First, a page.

Antibiotic Resistance: A Complete Picture
By Pork news staff Monday, November 30, 2009
It’s almost popular to point to antibiotic use in animal agriculture as the primary driver behind the antibiotic resistance phenomenon, but that’s falling short of the complete picture. According to a report by the American Academy of Microbiology, the causes of antibiotic resistance are varied and complex.
Suggesting that antibiotic resistance occurs mainly as a result of antibiotic abuse or misuse doesn’t accurately portray the complete picture. In a report called “Antibiotic Resistance: An Ecological Perspective on an Old Problem,” AAM indicates that even appropriate antibiotic use can contribute to the spread of resistance, underscoring the complexity of explaining its causes and the error in focusing on any one area.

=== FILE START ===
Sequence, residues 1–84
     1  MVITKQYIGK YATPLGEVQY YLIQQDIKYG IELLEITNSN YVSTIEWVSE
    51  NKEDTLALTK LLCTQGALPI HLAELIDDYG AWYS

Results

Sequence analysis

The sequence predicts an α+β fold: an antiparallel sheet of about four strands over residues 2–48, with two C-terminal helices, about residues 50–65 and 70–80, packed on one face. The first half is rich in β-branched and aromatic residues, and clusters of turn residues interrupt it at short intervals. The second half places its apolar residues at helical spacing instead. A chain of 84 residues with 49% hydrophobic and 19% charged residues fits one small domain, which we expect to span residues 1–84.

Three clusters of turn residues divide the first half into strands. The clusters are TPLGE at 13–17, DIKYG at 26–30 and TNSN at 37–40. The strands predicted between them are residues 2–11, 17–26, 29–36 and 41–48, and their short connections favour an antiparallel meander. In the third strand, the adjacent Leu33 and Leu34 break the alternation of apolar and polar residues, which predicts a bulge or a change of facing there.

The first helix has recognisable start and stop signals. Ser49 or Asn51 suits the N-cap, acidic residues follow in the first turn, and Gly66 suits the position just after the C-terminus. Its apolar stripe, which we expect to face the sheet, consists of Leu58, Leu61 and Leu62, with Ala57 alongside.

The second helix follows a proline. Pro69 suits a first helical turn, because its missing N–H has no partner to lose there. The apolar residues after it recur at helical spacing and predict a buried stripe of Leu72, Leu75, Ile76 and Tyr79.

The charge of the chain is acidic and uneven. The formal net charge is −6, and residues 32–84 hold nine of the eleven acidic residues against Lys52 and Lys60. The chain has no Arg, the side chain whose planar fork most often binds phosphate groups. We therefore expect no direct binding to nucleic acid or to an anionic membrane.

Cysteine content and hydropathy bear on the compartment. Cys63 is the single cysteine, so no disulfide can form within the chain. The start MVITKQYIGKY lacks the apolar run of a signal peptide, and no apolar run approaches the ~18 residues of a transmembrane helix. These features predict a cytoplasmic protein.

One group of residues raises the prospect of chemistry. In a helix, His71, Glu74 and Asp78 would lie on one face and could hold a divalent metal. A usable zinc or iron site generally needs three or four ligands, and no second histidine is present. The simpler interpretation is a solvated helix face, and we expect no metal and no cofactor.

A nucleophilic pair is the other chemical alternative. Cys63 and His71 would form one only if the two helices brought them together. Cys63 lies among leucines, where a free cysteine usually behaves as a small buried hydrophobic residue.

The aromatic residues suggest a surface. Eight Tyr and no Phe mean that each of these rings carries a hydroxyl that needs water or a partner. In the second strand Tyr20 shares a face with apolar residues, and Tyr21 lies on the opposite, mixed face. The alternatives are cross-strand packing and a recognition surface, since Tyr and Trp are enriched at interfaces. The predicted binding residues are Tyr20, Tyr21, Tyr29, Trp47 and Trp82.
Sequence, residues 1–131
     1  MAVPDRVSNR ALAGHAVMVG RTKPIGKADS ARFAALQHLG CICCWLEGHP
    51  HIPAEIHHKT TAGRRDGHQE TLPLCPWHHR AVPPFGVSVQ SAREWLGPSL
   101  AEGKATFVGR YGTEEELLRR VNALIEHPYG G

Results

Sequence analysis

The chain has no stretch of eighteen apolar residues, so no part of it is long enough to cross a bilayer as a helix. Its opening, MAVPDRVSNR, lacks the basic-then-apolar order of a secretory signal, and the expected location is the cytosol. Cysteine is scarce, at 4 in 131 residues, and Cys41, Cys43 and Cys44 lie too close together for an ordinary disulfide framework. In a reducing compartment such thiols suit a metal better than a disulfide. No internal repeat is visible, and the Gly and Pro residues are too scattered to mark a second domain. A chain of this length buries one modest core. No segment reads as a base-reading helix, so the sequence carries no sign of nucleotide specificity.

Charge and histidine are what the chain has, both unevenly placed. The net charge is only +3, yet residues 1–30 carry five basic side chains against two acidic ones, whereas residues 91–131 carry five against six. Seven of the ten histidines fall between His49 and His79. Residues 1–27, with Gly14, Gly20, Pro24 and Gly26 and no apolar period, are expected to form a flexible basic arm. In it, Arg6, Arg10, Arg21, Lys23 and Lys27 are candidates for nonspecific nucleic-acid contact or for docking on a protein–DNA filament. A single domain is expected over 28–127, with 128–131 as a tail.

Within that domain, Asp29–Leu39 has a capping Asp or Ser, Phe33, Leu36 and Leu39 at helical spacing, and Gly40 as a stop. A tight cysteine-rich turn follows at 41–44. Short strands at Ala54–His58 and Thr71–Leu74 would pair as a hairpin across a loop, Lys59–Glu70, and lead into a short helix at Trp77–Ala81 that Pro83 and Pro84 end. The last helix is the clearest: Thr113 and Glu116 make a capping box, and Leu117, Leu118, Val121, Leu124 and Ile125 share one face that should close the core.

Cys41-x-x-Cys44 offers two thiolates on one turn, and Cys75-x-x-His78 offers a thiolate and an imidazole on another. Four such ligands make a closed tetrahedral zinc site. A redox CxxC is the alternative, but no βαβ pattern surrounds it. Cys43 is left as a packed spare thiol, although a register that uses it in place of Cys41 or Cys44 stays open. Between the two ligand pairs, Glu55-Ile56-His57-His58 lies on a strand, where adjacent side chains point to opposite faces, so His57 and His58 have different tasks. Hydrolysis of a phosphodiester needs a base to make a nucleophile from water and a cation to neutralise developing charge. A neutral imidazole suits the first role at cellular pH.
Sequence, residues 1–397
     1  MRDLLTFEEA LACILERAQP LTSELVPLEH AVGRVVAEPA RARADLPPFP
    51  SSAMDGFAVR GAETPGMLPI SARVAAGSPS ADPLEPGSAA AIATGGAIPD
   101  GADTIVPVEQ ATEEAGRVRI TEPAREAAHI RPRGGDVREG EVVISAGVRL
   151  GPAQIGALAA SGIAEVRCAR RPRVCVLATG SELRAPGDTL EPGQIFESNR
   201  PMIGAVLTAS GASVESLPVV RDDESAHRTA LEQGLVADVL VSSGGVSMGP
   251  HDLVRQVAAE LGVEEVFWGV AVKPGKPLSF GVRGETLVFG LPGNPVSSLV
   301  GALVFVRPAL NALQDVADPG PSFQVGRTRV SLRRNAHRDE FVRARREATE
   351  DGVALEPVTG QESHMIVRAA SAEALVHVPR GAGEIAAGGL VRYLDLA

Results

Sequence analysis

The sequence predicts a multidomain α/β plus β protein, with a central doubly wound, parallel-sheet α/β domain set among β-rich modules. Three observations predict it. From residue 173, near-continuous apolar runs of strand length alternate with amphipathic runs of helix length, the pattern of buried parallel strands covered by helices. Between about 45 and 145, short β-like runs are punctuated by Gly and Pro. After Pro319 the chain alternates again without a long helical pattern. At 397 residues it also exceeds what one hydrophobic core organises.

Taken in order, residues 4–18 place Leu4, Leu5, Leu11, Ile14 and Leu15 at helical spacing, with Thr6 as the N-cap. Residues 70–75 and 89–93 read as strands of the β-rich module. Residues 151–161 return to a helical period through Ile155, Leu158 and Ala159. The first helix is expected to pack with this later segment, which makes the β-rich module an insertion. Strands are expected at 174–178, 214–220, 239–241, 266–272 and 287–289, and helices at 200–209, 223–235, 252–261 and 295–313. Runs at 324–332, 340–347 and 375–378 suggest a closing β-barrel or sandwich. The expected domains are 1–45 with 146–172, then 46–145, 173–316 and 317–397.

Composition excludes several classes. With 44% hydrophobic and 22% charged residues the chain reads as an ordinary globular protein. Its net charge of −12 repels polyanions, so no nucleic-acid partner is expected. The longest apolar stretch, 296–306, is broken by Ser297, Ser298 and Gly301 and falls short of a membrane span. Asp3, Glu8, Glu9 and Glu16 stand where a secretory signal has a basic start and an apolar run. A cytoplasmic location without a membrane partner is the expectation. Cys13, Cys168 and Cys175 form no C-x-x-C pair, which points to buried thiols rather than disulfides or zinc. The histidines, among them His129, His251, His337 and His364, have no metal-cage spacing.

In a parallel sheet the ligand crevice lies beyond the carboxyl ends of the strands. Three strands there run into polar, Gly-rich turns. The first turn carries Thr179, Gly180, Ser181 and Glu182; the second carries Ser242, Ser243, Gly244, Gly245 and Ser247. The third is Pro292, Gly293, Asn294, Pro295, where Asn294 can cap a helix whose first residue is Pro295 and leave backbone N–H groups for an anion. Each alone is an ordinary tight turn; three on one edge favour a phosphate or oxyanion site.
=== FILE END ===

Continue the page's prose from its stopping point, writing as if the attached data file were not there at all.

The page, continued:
According to the report, “There are no scapegoats.” The report is based on a colloquium that AAM brought together in October 2008.
“Responsibility is partly due to medical practice, including patient demand; veterinary practice; industrial practices; politics; and the antibiotics themselves. Ultimately, resistance development is founded in the inevitability of microbial evolution,” the report states.
It also states that antibiotic resistance is essentially uncontrollable. “Antibiotic resistance is an international pandemic that compromises the treatment of all infectious diseases,” it outlines.
When it comes to the discussion of antibiotic resistance, the low hanging fruit to attack is the use of antibiotics in livestock. For most of my life, anytime I have seen a situation like this where one particular use of a product is being singled out as the “problem”, it’s never worked out that way. And that’s what this report is confirming for us. It’s not just the fact that the farmers and ranchers use antibiotics for animal health, it’s every way that antibiotics have been used that is contributing to this emerging problem.